(TNS) -- The sickest coronavirus patients can live for weeks with a gripping headache, profound nausea, burning lungs, malaise, cough and waves of pain in their bones. They may be tethered to a breathing machine.
But eight months into the pandemic, fewer are dying.
New data reveals that while patients are still being rushed to intensive care units, a greater proportion are coming out alive. Since the pandemic began, the cumulative death rate for Californians with COVID-19 has fallen by more than half in the past three months. In early June, it was 5.87%; by Sept. 13, it was down to 2.14%.
What’s going on?
Some of the decline simply reflects a shift in testing, as infections in younger and healthier people are diagnosed. But that doesn’t explain all of it. There also have been fundamental improvements in how we prepare and care for the sickest patients, according to interviews with top medical experts.
“These declines in the case fatality ratios are striking,” said Dr. George Lemp, an epidemiologist and former director of the HIV/AIDS Research Program at UC’s Office of the President, who analyzed death rates using state data.
“We should applaud and appreciate the medical community for being able to find rapid ways to improve the outcome of this life-threatening illness,” he said.
Here are six major reasons why the death rate is falling:
MORE TESTING, YOUNGER PATIENTS
When the pandemic first hit, only people with severe symptoms were tested. Now expanded testing is detecting milder and earlier cases, so the prognosis is better, said UCSF epidemiologist Dr. George Rutherford.
We’re also diagnosing more infections in younger people, who fare better. Early on, we focused a lot of testing on outbreaks in nursing care facilities, where the sick and elderly face slimmer odds of survival. Now, fewer of this vulnerable population is getting sick.
As the patient mix has changed, so has the math, explained Rutherford. The denominator — the total number of cases — has grown faster than the numerator — total deaths. So the overall mortality rate is falling.
The declines have occurred across all age groups, during the four-month period between May and August 2020, according to Lemp’s analysis. This means everyone is doing better.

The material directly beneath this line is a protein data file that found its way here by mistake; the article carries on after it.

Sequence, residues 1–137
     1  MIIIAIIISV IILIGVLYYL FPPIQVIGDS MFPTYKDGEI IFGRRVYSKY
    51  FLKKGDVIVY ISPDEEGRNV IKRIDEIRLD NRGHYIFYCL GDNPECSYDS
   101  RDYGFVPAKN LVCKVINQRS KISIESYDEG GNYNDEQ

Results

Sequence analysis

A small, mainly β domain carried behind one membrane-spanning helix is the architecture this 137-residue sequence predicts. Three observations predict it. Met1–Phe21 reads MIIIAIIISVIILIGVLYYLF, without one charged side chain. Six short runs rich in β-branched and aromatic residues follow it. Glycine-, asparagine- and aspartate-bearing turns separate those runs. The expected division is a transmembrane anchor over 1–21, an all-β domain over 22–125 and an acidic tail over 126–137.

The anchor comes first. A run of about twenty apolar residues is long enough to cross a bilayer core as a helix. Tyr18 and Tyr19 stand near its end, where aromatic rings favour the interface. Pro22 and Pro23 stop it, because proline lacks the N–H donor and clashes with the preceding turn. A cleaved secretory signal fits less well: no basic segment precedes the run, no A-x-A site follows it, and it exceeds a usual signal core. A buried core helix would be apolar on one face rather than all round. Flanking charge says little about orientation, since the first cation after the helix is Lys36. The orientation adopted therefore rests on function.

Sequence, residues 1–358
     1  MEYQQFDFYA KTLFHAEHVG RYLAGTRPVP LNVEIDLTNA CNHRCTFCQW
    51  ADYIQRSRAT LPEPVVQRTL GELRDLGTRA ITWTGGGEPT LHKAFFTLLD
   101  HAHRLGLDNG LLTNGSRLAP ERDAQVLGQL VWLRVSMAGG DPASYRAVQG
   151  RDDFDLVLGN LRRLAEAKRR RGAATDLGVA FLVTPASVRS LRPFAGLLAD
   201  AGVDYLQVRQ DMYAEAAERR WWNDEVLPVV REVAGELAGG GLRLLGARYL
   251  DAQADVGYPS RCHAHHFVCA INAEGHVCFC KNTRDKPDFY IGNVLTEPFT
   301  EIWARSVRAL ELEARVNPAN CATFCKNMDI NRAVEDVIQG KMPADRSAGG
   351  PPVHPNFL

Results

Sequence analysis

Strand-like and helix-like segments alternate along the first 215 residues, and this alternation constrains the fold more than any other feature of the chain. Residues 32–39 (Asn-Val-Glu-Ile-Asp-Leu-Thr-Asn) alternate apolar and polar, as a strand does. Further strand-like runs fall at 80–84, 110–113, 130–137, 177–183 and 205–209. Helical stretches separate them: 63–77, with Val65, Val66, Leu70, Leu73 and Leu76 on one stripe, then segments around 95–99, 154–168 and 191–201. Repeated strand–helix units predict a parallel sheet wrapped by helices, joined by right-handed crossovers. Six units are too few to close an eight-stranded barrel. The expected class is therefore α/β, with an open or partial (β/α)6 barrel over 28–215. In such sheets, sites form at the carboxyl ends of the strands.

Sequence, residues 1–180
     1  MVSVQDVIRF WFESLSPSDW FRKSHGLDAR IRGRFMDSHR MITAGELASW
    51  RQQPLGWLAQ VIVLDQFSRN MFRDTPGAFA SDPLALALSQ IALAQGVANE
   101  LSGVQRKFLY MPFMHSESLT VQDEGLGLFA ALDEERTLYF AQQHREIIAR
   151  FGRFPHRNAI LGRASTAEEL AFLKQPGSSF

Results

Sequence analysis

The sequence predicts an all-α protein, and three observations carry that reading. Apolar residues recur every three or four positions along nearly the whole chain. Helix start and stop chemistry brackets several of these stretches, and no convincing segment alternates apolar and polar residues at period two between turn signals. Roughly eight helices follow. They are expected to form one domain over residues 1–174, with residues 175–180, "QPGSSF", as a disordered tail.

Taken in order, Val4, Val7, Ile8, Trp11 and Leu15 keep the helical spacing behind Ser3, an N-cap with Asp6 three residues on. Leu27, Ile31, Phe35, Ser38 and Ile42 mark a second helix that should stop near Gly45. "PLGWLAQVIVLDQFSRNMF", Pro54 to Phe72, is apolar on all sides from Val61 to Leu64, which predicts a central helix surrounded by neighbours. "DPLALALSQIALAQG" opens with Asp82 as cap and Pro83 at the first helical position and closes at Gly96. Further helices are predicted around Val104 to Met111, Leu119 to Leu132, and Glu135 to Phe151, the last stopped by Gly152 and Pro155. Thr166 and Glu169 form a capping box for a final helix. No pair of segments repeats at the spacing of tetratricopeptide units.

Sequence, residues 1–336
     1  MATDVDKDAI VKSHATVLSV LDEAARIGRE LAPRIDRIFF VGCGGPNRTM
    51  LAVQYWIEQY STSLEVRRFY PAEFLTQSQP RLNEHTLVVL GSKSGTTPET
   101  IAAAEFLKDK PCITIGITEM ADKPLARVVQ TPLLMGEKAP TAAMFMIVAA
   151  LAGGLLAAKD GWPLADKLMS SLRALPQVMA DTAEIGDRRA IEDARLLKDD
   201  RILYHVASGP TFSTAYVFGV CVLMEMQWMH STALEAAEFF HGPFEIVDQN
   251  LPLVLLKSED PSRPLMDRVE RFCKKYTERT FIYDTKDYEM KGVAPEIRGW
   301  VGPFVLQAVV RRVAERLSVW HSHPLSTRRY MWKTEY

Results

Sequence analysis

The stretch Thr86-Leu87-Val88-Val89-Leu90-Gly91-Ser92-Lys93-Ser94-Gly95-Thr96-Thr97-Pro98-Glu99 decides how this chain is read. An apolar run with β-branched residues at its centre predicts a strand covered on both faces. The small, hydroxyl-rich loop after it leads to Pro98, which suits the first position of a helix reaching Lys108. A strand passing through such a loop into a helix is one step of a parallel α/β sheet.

The phenomenon is driven by more than statistics, said Rutherford. “As we gain greater experience with novel infections, mortality goes down.”
Hospitals cite “the four S’s” needed for effective “surge” planning: staff, supplies, space and systems. Managing a patient on a ventilator, in particular, is a labor-intensive and delicate task.
During a surge of cases, hospitals in Southern California fell short on all four of these metrics, nearly hitting capacity. Some patients were intubated in emergency rooms instead of the intensive care units. Hospitals were forced to use older equipment, as well as doctors and nurses from outside hospitals who were less familiar with procedures and life-saving devices.
In the San Francisco Bay Area, hospitals were better prepared. And this planning has improved, over time.
The death rates of the regions are a study in contrast. For example, Los Angeles reports 57 deaths per 100,000 residents, while San Francisco has only one-tenth as many, with about 6 deaths per 100,000 residents, according to data presented at UCSF’s Grand Rounds last week.
“None of our hospitals were flooded,” said UCSF infectious disease expert Dr. Monica Gandhi. Preparation “allows an organized response. You have enough nurses. You’re only doing your job, not other people’s jobs. You’re not running around. Rooms are ready. You have PPE.”
“It is the chaos that can occur when hospitals are not ready that absolutely contributes to mortality,” she said.
Doctors now have a better understanding of how to manage breathing in severely ill patients, said Dr. Andra Blomkalns, chair of the Department of Emergency Medicine at Stanford Medicine.
Initially seen as a last-ditch measure — and a sign of impending death — doctors now recognize the value of putting people on mechanical ventilation early, if needed, she said.
“We used to say ‘someone doesn’t quite need it yet, let’s see how they do in the hospital.’ That hasn’t worked well,” she said. “We’ve resolved that if they have to be on it, it’s better to put them on it earlier rather than wait until too late.”
We’ve also gotten better at fine-tuning ventilation, understanding the optimal amount of oxygen, pressure and time between breaths, she said. We’ve learned to be very gentle on the lungs.
Clinicians are also more skilled at deploying other tactics.
We’ve enlisted “proning,” where a team of caregivers gently roll a patient from their back onto their abdomen, said Dr. Alan Chausow, chair of Pulmonary Medicine at Palo Alto Medical Foundation and medical director of the Critical Care Unit at Mountain View’s El Camino Hospital. When the patient is lying face down, it’s easier for the back of their lungs to expand.
“It’s not comfortable to lay on your tummy. But it definitely helps,” he said. “We’ve been proning people for other diseases for 10 years. We’re just taking that experience and adding onto it.”
We’ve also learned to be especially vigilant in the prevention of other infections, Chausow said. In the ICU, for instance, use of a urinary catheter boosts the risk of deadly infection.
And now that research shows COVID-19 boosts the risk of lethal blood clots, doctors monitor blood more closely, and increase the use of preventive blood thinners, experts said.
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